§ 3. Jonathan Shaw (Chatham and Aylesford)
How many children are looked after by private foster carers. 
§ The Minister of State, Department of Health (Jacqui Smith)
Data on the number of children looked after by private foster carers are not collected centrally. The Children Act 1989 places a duty on local authorities tosatisfy themselves that the welfare of children who are privately fostered within their area is being satisfactorily safeguarded and promoted".
§ Jonathan Shaw
The Minister will know that the social services inspectorate wrote to Departments and estimated that as many as 40,000 or 50,000 children are 742 privately fostered. Those children are afforded less protection than children who are child-minded. She will also know that Lord Laming had little to add on safeguards for children who are privately fostered, other than the recommendations that came from the Utting inquiry on children living away from home. Will she tell us when a Green Paper will arise from the Laming inquiry into the Victoria Climbié case? Why are the Government so reluctant to introduce a registration scheme for privately fostered children, as recommended by Utting?
§ Jacqui Smith
I pay to tribute to my hon. Friend for his continued concern about the protection of privately fostered children. Although I share his objective, I have not always shared his view on the most effective way of ensuring that protection. As he has suggested, we have taken action to ensure that the legal responsibilities that already exist for private fosterers and local authorities are taken forward. A letter from the chief inspector has outlined that, and there have been an SSI inspection and a leaflet campaign to raise awareness. As my right hon. Friend the Secretary of State made clear when we published the report of the Climbié inquiry, we will give a full response to Lord Laming's recommendation that we should review legislation in this area at the time of the children's Green Paper. I believe that that Green Paper will be published later in the spring.
§ Mr. David Cameron (Witney)
Does the Minister agree that many children in foster care will go on to be adults in adult placement care? Is she aware that the number of adult placement carers is falling because of the Government's decision to have them regulated by the National Care Standards Commission? When will the Government announce the decision of their review of that matter? Does the Minister accept that adult placement carers are looking after vulnerable adults in their own homes? Those homes are not care homes and they should not be regulated by the NCSC and made subject to all manner of rules and bureaucracy that are completely unnecessary.
§ Jacqui Smith
The hon. Gentleman raises the issue of adult placements, which has also been raised by several of my hon. Friends, and by at least one of his hon. Friends, who visited me, along with representatives of the National Association of Adult Placement Services. As a result of that meeting, we are undertaking a consultation on how to ensure that, in putting in place the necessary regulation to ensure that vulnerable people who are cared for in adult placements get the protection that they deserve, we also continue to recognise the specific circumstances of those who care for vulnerable people in their own homes. It is not true that the conditions for adult placement schemes are the same as for care homes; indeed, they never have been. What we have done is to listen to the genuine concerns of those who undertake this very important role, to undertake a consultation, and to make changes that will help to promote the work of those who care for vulnerable people in their own homes.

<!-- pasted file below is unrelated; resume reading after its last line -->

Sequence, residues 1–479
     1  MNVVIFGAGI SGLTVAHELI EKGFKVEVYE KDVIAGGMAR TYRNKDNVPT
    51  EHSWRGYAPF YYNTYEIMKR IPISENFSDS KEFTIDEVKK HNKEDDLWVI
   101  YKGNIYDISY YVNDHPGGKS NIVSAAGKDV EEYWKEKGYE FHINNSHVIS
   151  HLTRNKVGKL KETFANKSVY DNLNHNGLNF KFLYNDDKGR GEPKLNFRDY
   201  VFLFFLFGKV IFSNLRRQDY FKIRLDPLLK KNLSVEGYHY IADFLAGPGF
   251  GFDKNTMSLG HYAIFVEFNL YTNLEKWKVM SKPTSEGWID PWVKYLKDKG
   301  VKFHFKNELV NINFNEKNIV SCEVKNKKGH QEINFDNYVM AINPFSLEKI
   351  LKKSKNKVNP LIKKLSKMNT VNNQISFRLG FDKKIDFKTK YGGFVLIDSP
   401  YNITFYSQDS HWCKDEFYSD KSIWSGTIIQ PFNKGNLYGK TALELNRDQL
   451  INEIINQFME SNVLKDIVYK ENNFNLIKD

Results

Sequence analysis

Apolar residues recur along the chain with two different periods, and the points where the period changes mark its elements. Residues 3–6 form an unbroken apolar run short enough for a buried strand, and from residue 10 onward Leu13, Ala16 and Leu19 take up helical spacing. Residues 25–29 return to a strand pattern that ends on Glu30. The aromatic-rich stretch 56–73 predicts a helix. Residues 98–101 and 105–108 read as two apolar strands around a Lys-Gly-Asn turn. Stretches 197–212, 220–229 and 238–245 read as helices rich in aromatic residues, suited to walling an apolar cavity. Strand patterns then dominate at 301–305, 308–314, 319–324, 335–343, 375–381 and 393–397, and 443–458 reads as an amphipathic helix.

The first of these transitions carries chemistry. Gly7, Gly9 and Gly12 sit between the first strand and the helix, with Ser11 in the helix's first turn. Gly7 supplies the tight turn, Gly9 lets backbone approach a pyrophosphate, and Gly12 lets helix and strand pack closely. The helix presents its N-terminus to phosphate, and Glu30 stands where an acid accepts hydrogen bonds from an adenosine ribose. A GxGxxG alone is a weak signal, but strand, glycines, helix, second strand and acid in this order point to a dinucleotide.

§ Mr. Hilton Dawson (Lancaster and Wyre)
To return to the subject of private fostering, I well understand that my hon. Friend often has to wrestle with huge problems 743 that require major investment, organisational change and cultural reorganisation within complex health and social care systems. Does she agree that, by contrast, private fostering would be simple to crack, would require almost no investment, and would provide great protection for children? Indeed, it is the sort of job that she could knock off before breakfast one morning. Will she therefore join me in looking forward to the blithe new morning when she will have the opportunity to do that?
§ Jacqui Smith
Perhaps I should point out to my hon. Friend that one of the things that I am wrestling with, as he puts it, is what we need to do to ensure that the changes that we make really do make a practical difference to vulnerable children. As my right hon. Friend made clear in responding to the Climbié inquiry, our consideration of the issues arising from private foster care will be based on what will make a practical difference to the protection of those children, on how we can ensure that the considerable protection already provided in legislation is carried through properly, and—perhaps most importantly—on how we can ensure that local authorities fulfil their responsibilities to those children. We discovered that, even under the current legislative framework, Gloucestershire local authority, for example, has taken action and increased the number of notifications of private foster carers from 11 to 224 in the past three years. That is—